37 ODD: Secrets of a happy graphing life

This chapter is an optional deep dive (ODD) that might be useful to you.

37.1 Load gapminder and the tidyverse


37.2 Hidden data wrangling problems

If you are struggling to make a figure, don’t assume it’s a problem between you and ggplot2. Stop and ask yourself which of these rules you are breaking:

  • Keep stuff in data frames
  • Keep your data frames tidy; be willing to reshape your data often
  • Use factors and be the boss of them

In my experience, the vast majority of graphing agony is due to insufficient data wrangling. Tackle your latent data storage and manipulation problems and your graphing problem often melts away.

37.3 Keep stuff in data frames

I see a fair amount of early-career code where variables are copied out of a data frame, to exist as stand-alone objects in the workspace.

life_exp <- gapminder$lifeExp
year <- gapminder$year

Historically, ggplot2 has had an incredibly strong preference for variables in data frames. It used to be a requirement for the main data frame underpinning a plot. Although this requirement is no longer the case, it is still a good idea to keep your variables associated with their data frames.

ggplot(mapping = aes(
  x = year,
  y = life_exp
)) +

Just leave the variables in place and pass the associated data frame! This advice applies to base and lattice graphics as well. It is not specific to ggplot2.

ggplot(data = gapminder, aes(
  x = year,
  y = life_exp
)) +

What if we wanted to filter the data by country, continent, or year? This is much easier to do safely if all affected variables live together in a data frame, not as individual objects that can get “out of sync.”

Don’t write-off ggplot2 as a highly opinionated outlier! In fact, keeping data in data frames and computing and visualizing it in situ are widely regarded as best practices. The option to pass a data frame via data = is a common feature of many high-use R functions, e.g. lm(), aggregate(), plot(), and t.test(), so make this your default modus operandi.

37.3.1 Explicit data frame creation via tibble::tibble() and tibble::tribble()

If your data is already lying around and it’s not in a data frame, ask yourself “why not?”. Did you create those variables? Maybe you should have created them in a data frame in the first place! The tibble() function is an improved version of the built-in data.frame(), which makes it possible to define one variable in terms of another and which won’t turn character data into factor. If constructing tiny tibbles “by hand”, tribble() can be an even handier function, in which your code will be laid out like the table you are creating. These functions should remove the most common excuses for data frame procrastination and avoidance.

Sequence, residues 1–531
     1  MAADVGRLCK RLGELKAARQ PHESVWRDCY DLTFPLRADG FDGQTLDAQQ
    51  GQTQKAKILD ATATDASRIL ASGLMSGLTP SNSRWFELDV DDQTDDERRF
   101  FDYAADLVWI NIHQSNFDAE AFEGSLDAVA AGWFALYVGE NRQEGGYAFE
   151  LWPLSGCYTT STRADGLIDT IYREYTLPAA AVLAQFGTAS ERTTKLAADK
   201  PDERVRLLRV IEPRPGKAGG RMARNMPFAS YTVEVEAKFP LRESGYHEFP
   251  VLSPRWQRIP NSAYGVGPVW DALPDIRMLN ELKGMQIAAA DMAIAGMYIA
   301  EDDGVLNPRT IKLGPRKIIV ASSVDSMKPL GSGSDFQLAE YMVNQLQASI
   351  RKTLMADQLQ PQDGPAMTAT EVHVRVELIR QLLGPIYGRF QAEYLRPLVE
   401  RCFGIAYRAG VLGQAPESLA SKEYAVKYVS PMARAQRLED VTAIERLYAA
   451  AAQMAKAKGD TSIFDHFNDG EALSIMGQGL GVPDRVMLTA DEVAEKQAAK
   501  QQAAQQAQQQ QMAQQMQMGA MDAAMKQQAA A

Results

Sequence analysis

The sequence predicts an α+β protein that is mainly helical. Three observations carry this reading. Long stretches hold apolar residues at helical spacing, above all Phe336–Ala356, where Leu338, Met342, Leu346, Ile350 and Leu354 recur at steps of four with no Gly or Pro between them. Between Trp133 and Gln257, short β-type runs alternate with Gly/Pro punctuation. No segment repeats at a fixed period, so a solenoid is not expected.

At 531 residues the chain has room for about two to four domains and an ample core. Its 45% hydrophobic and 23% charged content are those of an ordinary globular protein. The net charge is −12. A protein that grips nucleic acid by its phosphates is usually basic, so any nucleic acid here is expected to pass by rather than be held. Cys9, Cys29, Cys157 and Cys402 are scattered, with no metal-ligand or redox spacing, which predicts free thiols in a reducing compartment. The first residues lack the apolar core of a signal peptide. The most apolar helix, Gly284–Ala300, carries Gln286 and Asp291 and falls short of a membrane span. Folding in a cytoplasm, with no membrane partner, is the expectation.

my_dat <-
    x = 1:5,
    y = x^2,
    text = c("alpha", "beta", "gamma", "delta", "epsilon")
## if you're truly "hand coding", tribble() is an alternative
my_dat <- tribble(
  ~x, ~y, ~text,
  1, 1, "alpha",
  2, 4, "beta",
  3, 9, "gamma",
  4, 16, "delta",
  5, 25, "epsilon"
#> tibble [5 × 3] (S3: tbl_df/tbl/data.frame)
#>  $ x   : num [1:5] 1 2 3 4 5
#>  $ y   : num [1:5] 1 4 9 16 25
#>  $ text: chr [1:5] "alpha" "beta" "gamma" "delta" ...
  aes(x, y)
) +
  geom_line() +
  geom_text(aes(label = text))

Together with dplyr::mutate(), which adds new variables to a data frame, this gives you the tools to work within data frames whenever you’re handling related variables of the same length.

37.4 Worked example

Inspired by this question from a student when we first started using ggplot2: How can I focus in on country, Japan for example, and plot all the quantitative variables against year?

Your first instinct might be to filter the Gapminder data for Japan and then loop over the variables, creating separate plots which need to be glued together. And, indeed, this can be done. But in my opinion, the data reshaping route is more “R native” given our current ecosystem, than the loop way.

37.4.1 Reshape your data

We filter the Gapminder data and keep only Japan. Then we use tidyr::gather() to gather up the variables pop, lifeExp, and gdpPercap into a single value variable, with a companion variable key.

japan_dat <- gapminder %>%
  filter(country == "Japan")
japan_tidy <- japan_dat %>%
    key = var,
    value = value,
    pop, lifeExp, gdpPercap
#> [1] 12  6
#> [1] 36  5

The filtered japan_dat has 12 rows. Since we are gathering or stacking three variables in japan_tidy, it makes sense to see three times as many rows, namely 36 in the reshaped result.

37.4.2 Iterate over the variables via faceting

Now that we have the data we need in a tidy data frame, with a proper factor representing the variables we want to “iterate” over, we just have to facet.

p <- ggplot(japan_tidy, aes(x = year, y = value)) +
  facet_wrap(~var, scales = "free_y")
p + geom_point() + geom_line() +
  scale_x_continuous(breaks = seq(1950, 2011, 15))

37.4.3 Recap

Here’s the minimal code to produce our Japan example.

japan_tidy <- gapminder %>%
  filter(country == "Japan") %>%
  gather(key = var, value = value, pop, lifeExp, gdpPercap)
ggplot(japan_tidy, aes(x = year, y = value)) +
  facet_wrap(~var, scales = "free_y") +
  geom_point() +
  geom_line() +
  scale_x_continuous(breaks = seq(1950, 2011, 15))

This snippet demonstrates the payoffs from the rules we laid out at the start:

  • We isolate the Japan data into its own data frame.
  • We reshape the data. We gather three columns into one, because we want to depict them via position along the y-axis in the plot.
  • We use a factor to distinguish the observations that belong in each mini-plot, which then becomes a simple application of faceting.
  • This is an example of expedient data reshaping. I don’t actually believe that gdpPercap, lifeExp, and pop naturally belong together in one variable. But gathering them was by far the easiest way to get this plot.